A Message for International Women's Day by Operation Mercy's International Director, Andrea Vogt
Happy International Women's Day for the 8th of March!
On the 8th of March 2008 I arrived in Tajikistan. I was the first female Country Director for that office. Many were looking at me and wondering "Who is she? How will she lead us?" "What will it be like to have a woman director?"
In many countries where we work, society is dominated by strong male models of leadership. And despite some role models like Benazir Bhutto in Pakistan who became the first female president in a majority Muslim country already in 1988, we seldom see women lead in our work.
The Sustainable Development Goal #5 starts with the sentence that empowering women and promoting gender equality is crucial to accelerating sustainable development. I totally agree with this: empowering women - enabling them to change their communities - is key to sustainable work.
I have seen many women who are already strong and full of courage in my 25 years of working with Operation Mercy. I have met these women in officers, in our own offices, projects, in communities, in schools and hospitals, and in government offices, doing excellent jobs in their workplace, while at the same time also fulfilling traditional roles in the home and in their family. But we all know that that is only one side of the story, because I have also met many women who are discouraged, sad, grieving, even pushed away. They feel that the whole burden of caring for their family and for their children rests on their shoulders.
Mostly, I have met women who have moved from one position to the other, who are on a journey. Women who started out discouraged, lonely, and pushed aside, facing really hard realities in their lives, but who took heart and participated in the opportunities that were given to them, sometimes by us in Operation Mercy, sometimes by others. These women have started to see their own value, their talents and what they can contribute to their families and to their communities and to society. I have seen many women who have found new hope, and they found a community, and they found ways to grow their own capacity.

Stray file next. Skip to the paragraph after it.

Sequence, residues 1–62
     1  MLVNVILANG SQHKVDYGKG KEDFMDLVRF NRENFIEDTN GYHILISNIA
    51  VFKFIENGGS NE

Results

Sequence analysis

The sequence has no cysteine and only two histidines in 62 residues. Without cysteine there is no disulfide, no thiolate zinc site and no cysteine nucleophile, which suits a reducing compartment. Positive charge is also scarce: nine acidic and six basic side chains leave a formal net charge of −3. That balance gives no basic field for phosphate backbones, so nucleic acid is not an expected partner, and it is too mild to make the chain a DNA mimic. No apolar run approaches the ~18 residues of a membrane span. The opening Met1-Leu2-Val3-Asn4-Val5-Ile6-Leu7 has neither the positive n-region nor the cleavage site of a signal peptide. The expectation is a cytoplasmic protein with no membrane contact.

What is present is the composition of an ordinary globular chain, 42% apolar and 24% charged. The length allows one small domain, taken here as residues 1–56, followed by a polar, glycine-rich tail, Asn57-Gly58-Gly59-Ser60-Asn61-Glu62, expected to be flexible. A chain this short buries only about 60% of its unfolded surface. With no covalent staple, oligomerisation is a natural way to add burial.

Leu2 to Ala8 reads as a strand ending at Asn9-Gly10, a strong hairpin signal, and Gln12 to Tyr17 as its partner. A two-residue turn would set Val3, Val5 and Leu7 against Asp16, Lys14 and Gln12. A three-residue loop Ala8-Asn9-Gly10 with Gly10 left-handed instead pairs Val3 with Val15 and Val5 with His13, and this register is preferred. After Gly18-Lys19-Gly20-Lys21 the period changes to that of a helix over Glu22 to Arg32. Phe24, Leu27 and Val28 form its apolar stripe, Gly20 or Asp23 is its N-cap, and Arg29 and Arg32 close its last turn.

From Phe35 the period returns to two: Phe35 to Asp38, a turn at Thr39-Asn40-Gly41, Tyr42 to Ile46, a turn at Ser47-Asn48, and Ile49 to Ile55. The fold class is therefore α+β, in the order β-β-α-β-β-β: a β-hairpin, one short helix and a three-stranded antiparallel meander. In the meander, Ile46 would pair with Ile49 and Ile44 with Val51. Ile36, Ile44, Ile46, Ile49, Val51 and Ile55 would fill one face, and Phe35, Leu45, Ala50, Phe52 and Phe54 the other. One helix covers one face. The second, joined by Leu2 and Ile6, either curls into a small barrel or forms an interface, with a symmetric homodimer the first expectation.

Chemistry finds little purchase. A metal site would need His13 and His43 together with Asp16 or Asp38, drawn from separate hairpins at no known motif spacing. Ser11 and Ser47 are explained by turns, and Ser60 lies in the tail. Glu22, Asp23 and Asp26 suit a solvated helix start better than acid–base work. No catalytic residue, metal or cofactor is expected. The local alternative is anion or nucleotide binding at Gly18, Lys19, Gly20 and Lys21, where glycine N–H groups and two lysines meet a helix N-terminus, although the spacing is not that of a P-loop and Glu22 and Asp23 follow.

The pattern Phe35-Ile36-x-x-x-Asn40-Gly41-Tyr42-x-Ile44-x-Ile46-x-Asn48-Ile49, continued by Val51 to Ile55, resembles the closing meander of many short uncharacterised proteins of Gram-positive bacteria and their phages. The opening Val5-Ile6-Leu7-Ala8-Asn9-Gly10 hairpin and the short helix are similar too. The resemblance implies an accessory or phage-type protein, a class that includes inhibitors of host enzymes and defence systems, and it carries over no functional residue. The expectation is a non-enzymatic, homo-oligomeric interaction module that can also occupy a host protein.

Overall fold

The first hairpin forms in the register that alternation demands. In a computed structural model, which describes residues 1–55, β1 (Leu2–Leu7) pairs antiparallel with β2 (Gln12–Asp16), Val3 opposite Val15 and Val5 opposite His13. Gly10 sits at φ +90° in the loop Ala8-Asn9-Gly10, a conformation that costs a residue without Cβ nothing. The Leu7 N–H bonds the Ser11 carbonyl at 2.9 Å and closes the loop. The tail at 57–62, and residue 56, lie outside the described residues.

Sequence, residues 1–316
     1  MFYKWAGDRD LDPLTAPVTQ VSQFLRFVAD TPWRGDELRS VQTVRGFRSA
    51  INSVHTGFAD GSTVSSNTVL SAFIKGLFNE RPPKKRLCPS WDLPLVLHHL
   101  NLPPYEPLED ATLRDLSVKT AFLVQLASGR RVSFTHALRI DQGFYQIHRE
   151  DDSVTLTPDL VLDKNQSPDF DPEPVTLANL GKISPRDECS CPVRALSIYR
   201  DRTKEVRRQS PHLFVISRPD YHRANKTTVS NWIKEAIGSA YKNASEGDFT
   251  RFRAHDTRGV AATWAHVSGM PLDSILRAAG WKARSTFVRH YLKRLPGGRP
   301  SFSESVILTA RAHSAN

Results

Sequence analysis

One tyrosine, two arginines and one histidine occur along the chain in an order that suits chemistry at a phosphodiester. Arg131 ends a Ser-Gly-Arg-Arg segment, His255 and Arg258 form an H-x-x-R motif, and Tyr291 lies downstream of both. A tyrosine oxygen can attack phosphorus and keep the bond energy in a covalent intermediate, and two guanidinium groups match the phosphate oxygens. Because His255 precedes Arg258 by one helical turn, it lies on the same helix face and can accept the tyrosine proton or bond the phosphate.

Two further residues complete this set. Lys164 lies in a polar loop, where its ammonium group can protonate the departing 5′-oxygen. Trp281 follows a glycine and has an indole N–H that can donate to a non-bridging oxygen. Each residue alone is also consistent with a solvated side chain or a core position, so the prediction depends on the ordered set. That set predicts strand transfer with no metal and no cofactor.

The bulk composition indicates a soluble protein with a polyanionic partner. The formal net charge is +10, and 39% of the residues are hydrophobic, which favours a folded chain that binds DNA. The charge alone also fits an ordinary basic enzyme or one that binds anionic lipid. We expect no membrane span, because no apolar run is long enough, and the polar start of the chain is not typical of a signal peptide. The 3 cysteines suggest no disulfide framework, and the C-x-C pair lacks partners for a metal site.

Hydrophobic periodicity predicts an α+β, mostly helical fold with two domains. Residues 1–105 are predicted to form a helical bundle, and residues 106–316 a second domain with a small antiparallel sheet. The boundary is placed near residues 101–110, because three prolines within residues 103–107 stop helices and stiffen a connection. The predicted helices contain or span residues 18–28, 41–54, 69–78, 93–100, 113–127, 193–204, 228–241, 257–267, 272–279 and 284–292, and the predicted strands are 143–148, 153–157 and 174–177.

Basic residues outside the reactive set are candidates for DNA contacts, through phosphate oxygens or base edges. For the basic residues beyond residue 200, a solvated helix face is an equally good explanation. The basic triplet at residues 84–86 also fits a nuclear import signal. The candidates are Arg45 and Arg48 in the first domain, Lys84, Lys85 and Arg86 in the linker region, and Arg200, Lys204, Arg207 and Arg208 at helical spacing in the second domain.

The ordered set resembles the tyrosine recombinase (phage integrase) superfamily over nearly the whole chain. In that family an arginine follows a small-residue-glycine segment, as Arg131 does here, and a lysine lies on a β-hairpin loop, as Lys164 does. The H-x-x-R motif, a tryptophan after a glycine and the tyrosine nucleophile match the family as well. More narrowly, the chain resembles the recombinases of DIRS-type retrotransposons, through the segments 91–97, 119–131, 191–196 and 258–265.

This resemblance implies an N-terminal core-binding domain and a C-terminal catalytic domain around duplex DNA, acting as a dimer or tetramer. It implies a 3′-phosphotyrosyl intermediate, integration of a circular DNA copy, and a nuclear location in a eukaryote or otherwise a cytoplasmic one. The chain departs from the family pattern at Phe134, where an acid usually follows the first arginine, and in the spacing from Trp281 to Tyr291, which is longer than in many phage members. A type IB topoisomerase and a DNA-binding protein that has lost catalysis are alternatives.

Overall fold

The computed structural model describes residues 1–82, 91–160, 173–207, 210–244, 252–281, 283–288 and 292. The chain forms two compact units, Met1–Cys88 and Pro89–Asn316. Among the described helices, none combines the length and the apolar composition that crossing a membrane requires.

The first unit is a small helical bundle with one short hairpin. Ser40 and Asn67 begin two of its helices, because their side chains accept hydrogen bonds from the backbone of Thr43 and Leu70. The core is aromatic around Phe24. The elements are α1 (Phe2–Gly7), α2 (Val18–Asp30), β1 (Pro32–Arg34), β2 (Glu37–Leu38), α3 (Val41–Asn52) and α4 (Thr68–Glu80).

These women remind me of Hagar. Hagar was the mother of Ishmael, the forefather of all Arab nations. Hagar faced a moment in her life where she thought her life and that of her son Ishmael was over. They were alone in the desert about to die, but God send an angel and they found water and they had something to drink. They were able to return to their life.
From that moment on, Hagar called God, "the God who sees me", the God who sees women.
In Operation Mercy, we see women. We see you because God sees you.
I love to journey with you all, to be part of your stories as women who find their strength and find hope. To be friends with you, with women who take responsibility and grow in leadership and are now role models for the next generation of girls and boys in your communities.We are proud of Operation Mercy's women who together are building a better future and sustainable development in our projects.